Peace and Touch 1

When I was 13 I was hit by a wave of overwhelm – at the hurt and pain and “brokenness” of the world. The war, the famine, the greed, and the poverty. I was on a school trip at the time and I remember several nights crying myself to sleep. I’ll never forget the room I was sleeping in that week – and the incongruity of being on a “fun” trip to France, sightseeing and swimming, while internally I was struggling to deal with the realities of the world.

That experience precipitated close to a decade of very active involvement in various campaigning organisations, primarily anti-nuclear with Trident Ploughshares and Youth & Student CND, and opened doors to new ways to connect, new ways to live, new people, new perspectives. I didn’t realise it at the time but one of the most significant new doorways was to receive a clothed shoulder massage one evening at a party when I was 18 – another was an introduction to the principles and practice of non-violence.

After the black-and-white ideals of my younger years, my mid-twenties to mid-thirties saw me exploring routes which didn’t seem much related to conflict resolution, the career path I had dreamed of in my teenage years. Throughout this period I was training in NO HANDS Massage and latterly working both as a trainer and administrator / organisational facilitator for the company. From that first Massage at 18 I had felt an intense connection with the power in Touch and year on year developed an even stronger appreciation and understanding of this power, its simplicity and at the same time its depth. But still there was a part of me that felt like I wasn’t doing enough – that there were people’s lives being torn apart by violence in all its many and varied forms and here I was, giving large chunks of my time, energy and attention to “just Massage”. Yet still I persevered down this path.

Other aspects of life continued to change and evolve along with this – moving to different parts of the country, exploring relationships, having periods of excellent health and other periods of struggling (notably from a mental health perspective). And I feel like I’ve reached a watershed.

This weekend I had the great privilege to be part of the course team for a NO HANDS course where I got to meet 12 phenomenally committed practitioners, each of whom was accounting for and facing their own personal challenges in order to offer the best possible experience for their clients. Their dedication and humility, their eagerness and openness to learning was inspiring. And still is as I think of each of them. Each course is a snapshot of the wider NO HANDS community and reminds me of the many and varied ways in which this brilliant community of practitioners is, quite literally, changing the world one Massage at a time.

And although I’ve loved and lived by the NO HANDS Mission Statement for many years now (“To heal the world through the power of transformational touch“), something significant has dropped into place. I may not be in a war zone, but the impact respectful and gentle yet powerful touch has on both the giver and receiver is one of the most powerful tools I know for healing ruptures – and laying the foundations and continue building a truly non-violent world.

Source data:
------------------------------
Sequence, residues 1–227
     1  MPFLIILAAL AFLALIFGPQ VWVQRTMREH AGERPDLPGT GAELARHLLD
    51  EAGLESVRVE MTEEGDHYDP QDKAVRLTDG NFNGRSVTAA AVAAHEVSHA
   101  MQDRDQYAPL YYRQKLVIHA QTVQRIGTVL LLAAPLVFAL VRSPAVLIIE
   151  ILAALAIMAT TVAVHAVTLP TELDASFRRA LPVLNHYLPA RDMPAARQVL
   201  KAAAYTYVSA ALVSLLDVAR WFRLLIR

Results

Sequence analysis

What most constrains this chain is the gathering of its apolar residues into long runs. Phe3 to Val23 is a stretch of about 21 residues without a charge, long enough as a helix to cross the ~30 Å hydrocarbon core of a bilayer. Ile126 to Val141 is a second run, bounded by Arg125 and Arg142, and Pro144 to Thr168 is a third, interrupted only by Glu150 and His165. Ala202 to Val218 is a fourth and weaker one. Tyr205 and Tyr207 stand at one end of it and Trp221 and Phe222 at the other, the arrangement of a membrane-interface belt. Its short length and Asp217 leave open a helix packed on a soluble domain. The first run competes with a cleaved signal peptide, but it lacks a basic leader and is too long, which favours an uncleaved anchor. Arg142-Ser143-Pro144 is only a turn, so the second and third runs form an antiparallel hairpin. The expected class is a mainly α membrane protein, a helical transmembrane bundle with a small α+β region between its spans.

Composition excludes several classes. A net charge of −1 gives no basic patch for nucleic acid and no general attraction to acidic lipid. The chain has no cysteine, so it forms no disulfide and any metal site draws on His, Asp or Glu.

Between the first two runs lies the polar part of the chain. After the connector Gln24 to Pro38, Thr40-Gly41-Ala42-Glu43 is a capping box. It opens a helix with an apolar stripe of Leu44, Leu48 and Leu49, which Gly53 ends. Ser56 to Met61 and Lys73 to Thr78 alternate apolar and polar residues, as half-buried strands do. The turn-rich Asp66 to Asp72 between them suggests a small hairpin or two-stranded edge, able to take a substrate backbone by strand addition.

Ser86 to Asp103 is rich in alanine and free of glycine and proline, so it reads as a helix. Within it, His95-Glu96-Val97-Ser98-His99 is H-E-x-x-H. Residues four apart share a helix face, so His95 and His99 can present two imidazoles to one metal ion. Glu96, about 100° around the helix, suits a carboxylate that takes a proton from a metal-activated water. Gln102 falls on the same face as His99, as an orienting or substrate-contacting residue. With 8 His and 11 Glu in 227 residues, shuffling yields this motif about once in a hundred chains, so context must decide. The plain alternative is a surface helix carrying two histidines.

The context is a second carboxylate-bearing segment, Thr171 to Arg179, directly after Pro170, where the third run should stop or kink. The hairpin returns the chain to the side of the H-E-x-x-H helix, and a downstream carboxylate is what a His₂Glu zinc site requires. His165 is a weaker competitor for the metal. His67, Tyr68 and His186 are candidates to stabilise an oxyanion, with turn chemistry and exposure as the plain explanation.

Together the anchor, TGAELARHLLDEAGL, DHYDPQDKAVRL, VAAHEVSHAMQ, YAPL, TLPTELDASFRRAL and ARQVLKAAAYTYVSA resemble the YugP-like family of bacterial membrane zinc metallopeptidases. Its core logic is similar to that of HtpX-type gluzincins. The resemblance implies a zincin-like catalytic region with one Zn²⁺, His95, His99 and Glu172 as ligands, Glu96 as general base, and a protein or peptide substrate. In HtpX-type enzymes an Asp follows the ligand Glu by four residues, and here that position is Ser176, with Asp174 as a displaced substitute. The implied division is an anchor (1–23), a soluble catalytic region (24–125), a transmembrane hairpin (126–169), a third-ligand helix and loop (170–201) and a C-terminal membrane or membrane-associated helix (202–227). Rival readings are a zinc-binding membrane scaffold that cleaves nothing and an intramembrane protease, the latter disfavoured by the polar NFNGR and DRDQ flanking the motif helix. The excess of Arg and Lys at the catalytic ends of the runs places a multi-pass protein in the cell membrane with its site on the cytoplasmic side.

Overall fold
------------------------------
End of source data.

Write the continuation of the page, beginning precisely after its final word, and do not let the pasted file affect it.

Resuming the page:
I am in the right place, doing the right thing – and I know it on a level I never did before.

At the same time, it doesn’t feel like a coincidence that I rediscovered in these past few days a whole bunch of material and books I have around conflict resolution and non-violence, not least Peace Direct’s Unarmed Heroes (which I highly recommend). This snippet from the introduction particularly struck me:

Stories like these can uplift us not so much because they are about extraordinary people doing extraordinary things, but rather because they are about ordinary people doing what human beings are capable of. We are inspiring when we transcend the situation we are thrust into by life to get a bigger picture of how things are and how things can be. We are inspiring when we go on to make space in our lives to live out our part in that bigger picture. This is being human at its best. 

I feel a renewed energy for the other end of the non-violence and conflict-resolution spectrum (which also links in with the volunteering I do with AVP Scotland) and feel incredibly excited by what the next phase of my life holds.

The list of influences, amazing books, incredible people and precious experiences I have had the privilege of interacting with is a book in itself – and continues on a daily basis. Many of the most important lessons have not come easy and have not been comfortable – but the sense of clarity and purpose I find myself sitting with is utterly invaluable. But that book is not for today.

Instead I feel an immense gratitude for every aspect of life I’ve been touched by, in every sense of the word. And for that I say two words which somehow seem incredibly small but in their simplicity sum it up: Thank You.

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